The first “Droid” phone launched more than 5 years ago. October 17th 2009 to be exact (at least according to Wikipedia). I don’t remember much about the first iteration – probably because I was still drooling over my iPhone – but I do recall the name. And that name, “Droid”, believe it or not, is licensed from Lucas Films. Yup. Motorola pays money to Lucas Films, the creator of Star Wars, every time they sell a phone. So the question has long been: is this the DROID you’ve been looking for? Well, let’s find out in my Motorola DROID Turbo Review.
The DROID Turbo comes in two versions: Ballistic Nylon or Metal Kevlar. The distinction is actually in the back of the device. My version: the Ballistic Nylon. It’s an interesting take on the build of a phone and one that separates it from the pact of other Android phones on the market today. In the hand it feels solid and all the while adds something I’m going to call “opulent utility”. Which is to say it feels high end and at the same time reinforces the phone’s body. In theory this could protect not only the back, but the frame and the screen of the phone.
Adding to that utility is a water-repellent nano coating, which Motorola says protects the phone from “everyday spills”, or if you happen to be using your phone outside when a downpour of rain ensues. Monsoon here I come.
Weight wise the Motorola DROID Turbo is no light weight. More like a light heavy weight. The Ballistic version weighs in at 176 grams, while the Kevlar version 169. I should also note that the Ballistic version of the phone is a tad fatter than the other, albeit by less than a half of millimeter.
Zippity do duh. As in it’s fast, especially considering that it’s slightly skinned. Under the hood is Qualcomm’s Snapdragon 805 processor running at 2.7Ghz. But specs are, well, just spec. If the phone’s Android Skin (in this case 4.4.4) isn’t tweaked right, it can be prone to lagginess, no matter how fast the processor is. Fortunately, the DROID Turbo doesn’t seem to suffer from this defect and runs smoothly in most if not all scenarios.
That being said, this phone is packed to the gills when it comes to power. In addition to the processor, there is 3GB of RAM, 32-64GB of storage (the latter only comes in the Ballistic version), and a 3900 mAh battery.
Unfortunately, my data connectivity experience was not as good as I had hopped. It’s always difficult to tell if it’s the network or the phone, but my experience with the new Motorola DROID Turbo, data wise, hasn’t been stellar. Nevertheless, Verizon does boast one of the best networks and does provide perhaps the best coverage in the US. Nevertheless, I often saw the DROID Turbo flipping between 3G and 4G.
With a massive 3900 mAh battery the DROID Turbo should appeal to those power users. Or simply to those that can’t help but be on their phone at all hours of the day. On average I got easily 2 days under light to medium use. Light to medium being a few phone calls, watching some YouTube videos, and surfing the web. I’m willing to speculate if I used the handset heavily, that number would drop by 20-40%. But that could be said for any phone.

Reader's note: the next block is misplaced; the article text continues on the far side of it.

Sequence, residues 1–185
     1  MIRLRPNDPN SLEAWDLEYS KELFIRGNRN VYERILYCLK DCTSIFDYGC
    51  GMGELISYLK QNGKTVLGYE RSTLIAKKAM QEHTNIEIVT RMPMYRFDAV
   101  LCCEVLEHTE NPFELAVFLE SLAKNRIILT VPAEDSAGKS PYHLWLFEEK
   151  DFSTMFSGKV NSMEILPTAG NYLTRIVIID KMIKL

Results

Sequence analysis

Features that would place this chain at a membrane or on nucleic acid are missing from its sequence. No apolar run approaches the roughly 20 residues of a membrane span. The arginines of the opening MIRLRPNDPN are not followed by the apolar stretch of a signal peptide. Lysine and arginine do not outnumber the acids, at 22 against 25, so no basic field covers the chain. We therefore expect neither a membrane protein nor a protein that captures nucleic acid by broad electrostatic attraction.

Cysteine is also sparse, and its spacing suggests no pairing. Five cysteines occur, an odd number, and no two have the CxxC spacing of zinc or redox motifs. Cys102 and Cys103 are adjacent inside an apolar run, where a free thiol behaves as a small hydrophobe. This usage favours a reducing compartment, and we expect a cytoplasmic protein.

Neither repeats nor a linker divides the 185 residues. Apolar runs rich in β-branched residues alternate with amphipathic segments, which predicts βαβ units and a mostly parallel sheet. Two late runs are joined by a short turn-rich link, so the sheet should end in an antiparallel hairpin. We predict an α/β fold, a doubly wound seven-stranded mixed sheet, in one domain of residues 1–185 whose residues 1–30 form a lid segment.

That said, included with the DROID Turbo is a special charger; a 15W Turbo Charger. To add context, the iPhone charges at 5 watts, the iPad at 10, so this is a significant boost for a phone. And at 3900 mAh it’s not a surprising addition. Plugged in, the DROID Turbo, from 0%, charges at a point or 1% every minute. In theory that means that the battery takes about 100 minutes to charge. However, Motorola says that the Turbo Charger slows after 78%, so you should probably allow for just about two hours for a 100% charge.
Finally, Motorola claims that in as little as 15 minutes you can get “up to an 8-Hour charge”. And by “charge” they mean standby time, not use. Or, based on the above, your battery will read 15%. Not exactly anxiety reducing for anyone that has experienced their phone’s battery below 20%.
Not horrible, but not amazing. The DROID Turbo uses an AMOLED display, and like most others, it tends to oversaturate the colors. Moreover, in direct sunlight the display is difficult to see, even at max brightness, and shows a sort of fogginess.
But, if you’re into QHD then look no further. That’s over 550 pixels per inch stuffed inside the 5.2-inch display covered with Corning’s Gorilla Glass 3.
While the DROID Turbo sports dual flash, and can shoot 4K video, it’s most certainly not the selling point of this phone, and nor should it be one that sells anyone. And sure, it can snap 21mp photos, but when are you going to take advantage of that? So the question is, and always is, is it better than the iPhone 6’s camera?
And the short answer is no. I need to spend more time with the camera, but ultimately it’s good, and most certainly won’t over shadow this phone’s other features.
There is no disputing that the DROID Turbo is one of the fatter phones on the market. But it’s also one with one of the largest batteries, along with some impressive specs in terms of horsepower. However, the display leaves something to be desired and the lack of microSD card slot (even though the headphone jack is on the top) for expanded memory, makes it fall just short of being a killer handset.
Starting at $199.99
143.5 x 73.3 x 8.3 - 11.2
802.11 a/b/g/n/ac (dual-band capable)
Total score։ 92%
Decent battery life, Zippy performance, Water resistant
Heavy, Bulky, Just an ok screen